TIP: By the end of Tuesday, students need to know exactly what words they are responsible for learning.  All students attempt all words on Monday (give them a chance!) and by Tuesday, they know which words they'll be practicing.

On Wednesday, we dig into word patterns and structure and tie it into language wall.  This week, we were learning prefixes and were able to find it (and discuss it) in our mentor sentence.

We do direct instruction with a mini-lesson.  Typically, they come to the rug with their whiteboards and pens.  We discuss patterns, practice examples/non-examples, sort and classify words.  For me, it's important to get the kids playing with the words.  This is also a prime time to integrate what you're covering with your mentor sentence, too.  Tie as much together as you can!

If there's time, I have students use the words in sentences, either verbally or written (I include all this in each spelling volume).  This can also work as a great must do for the week; I always let students know that it isn't due until Friday.

TIP: If you have students write sentences, link it with your mentor sentence!  Have them write sentences that are all complex or sentences that have commas in a series, or whatever it is you are covering that week.  Practical application and connection!

SO much of the work you do on language wall can be revisited and reviewed (or even previewed!) via your mentor sentence and language wall!

We get hands on!  We play games, we have worksheets (again, included in the resource) that gets them cutting and sorting and highlighting, or we do quiz-quiz-trade.  We make it FUN.

Letters are included (with some varieties) in the spelling resources.
They LOVE the giant crossword, where each student is assigned a word to build and connect.  It's all about teamwork and they can help each other (but if they choose to just build their word and not help, they have the option to do another word work must do).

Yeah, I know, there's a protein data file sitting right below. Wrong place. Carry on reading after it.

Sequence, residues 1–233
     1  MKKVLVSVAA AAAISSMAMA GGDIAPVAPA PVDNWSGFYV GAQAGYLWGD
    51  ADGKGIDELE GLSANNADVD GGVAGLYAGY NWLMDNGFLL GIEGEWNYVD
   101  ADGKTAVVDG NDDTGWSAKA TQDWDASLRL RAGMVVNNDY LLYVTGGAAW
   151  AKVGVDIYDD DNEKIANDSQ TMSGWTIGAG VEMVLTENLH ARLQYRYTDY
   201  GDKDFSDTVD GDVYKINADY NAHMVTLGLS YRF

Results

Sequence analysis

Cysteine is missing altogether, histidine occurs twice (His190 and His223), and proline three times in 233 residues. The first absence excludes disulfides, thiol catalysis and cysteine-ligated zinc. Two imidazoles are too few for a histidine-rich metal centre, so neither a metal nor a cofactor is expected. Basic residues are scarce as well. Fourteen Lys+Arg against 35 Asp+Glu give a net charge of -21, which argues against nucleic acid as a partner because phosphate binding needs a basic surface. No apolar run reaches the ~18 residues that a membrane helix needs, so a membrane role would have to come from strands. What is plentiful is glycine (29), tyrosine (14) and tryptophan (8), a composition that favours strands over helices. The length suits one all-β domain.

We lay out the letters (I print about 24 of each, with the exception of letters like x or q, in which case I make about 12).  As they go to spell a word, they grab what they need.
TIP: Switch things up!  Try a Kahoot or Quizziz to integrate technology as a means of review.


They take a spelling test and we celebrate a week well done!  Sometimes students will trade with their writing partner to grade, in which case they track their final score immediately and discuss progress.  Otherwise, I will grade and they track once I pass them back.

TIP: Collect all final tests regardless and record. I do take grades on these!


I encourage students to practice their words throughout the week.  It is a must do.  If their partner is also available, they can quiz each other during independent work times.

You CAN print out mini-lists (included in each volume) for students to glue into planners or staple on homework.  This ensures that they have the correct spellings. I typically don't because I try and cut down on my time with the copy machine but it's a great option!

Also, these words can be added to a word wall!  Anything displayed becomes a tool that they can constantly and easily access.

Even distance learning hasn't slowed our spelling down!  We are making it work so that they keep learning and practicing!
And that's a wrap!  If you do spelling, I'd love to hear from you!  Ours is concise and powerful and something we refer to all throughout the year!


  1. Why do you say, They know which words they are responsible for? Are they not responsible for all of them?

  2. Hi,

    Are you able to explain in more detail how you differentiate the spelling list ? I know that 30 words for some of my students will definitely not work. I always have a difficult time staying organized with spelling/ vocabulary words and remembering which students have what words.

  3. Thank you for sharing the details for each day for all of the subjects that you teach. It is so helpful to be able to picture how others set up their schedules! I am moving from 3rd to 4th this year and am excited to keep using your resources with my students! I love everything that you create!

  4. The normal suggestions for a child to learn spelling are as follows: https://wordigg.com/scrabble-word-finder developing the habit of reading a lot; writing as much as possible while concentrating on correct spellings.